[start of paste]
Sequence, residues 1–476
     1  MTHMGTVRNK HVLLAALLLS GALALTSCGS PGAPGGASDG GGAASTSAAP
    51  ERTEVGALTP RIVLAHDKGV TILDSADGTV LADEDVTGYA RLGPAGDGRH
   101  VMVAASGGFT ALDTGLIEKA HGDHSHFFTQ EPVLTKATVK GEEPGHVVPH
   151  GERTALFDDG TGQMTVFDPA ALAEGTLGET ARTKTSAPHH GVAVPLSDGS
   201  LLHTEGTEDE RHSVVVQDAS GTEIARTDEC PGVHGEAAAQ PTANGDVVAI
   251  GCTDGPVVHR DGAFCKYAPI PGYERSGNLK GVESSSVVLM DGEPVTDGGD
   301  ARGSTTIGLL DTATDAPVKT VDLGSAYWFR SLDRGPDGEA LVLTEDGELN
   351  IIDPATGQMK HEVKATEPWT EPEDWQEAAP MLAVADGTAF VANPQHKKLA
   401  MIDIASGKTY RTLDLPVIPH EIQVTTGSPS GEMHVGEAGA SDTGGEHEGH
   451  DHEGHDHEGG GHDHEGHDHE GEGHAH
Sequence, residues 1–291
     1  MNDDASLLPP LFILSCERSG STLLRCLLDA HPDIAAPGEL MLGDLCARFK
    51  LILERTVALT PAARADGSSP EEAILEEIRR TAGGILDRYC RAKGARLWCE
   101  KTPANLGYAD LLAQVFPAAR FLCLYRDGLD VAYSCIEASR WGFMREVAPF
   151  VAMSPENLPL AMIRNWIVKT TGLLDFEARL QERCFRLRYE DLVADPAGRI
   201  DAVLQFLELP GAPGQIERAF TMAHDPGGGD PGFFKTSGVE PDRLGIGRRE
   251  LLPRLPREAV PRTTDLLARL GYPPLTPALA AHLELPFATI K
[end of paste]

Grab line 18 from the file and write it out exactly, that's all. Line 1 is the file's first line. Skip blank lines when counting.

   251  LLPRLPREAV PRTTDLLARL GYPPLTPALA AHLELPFATI K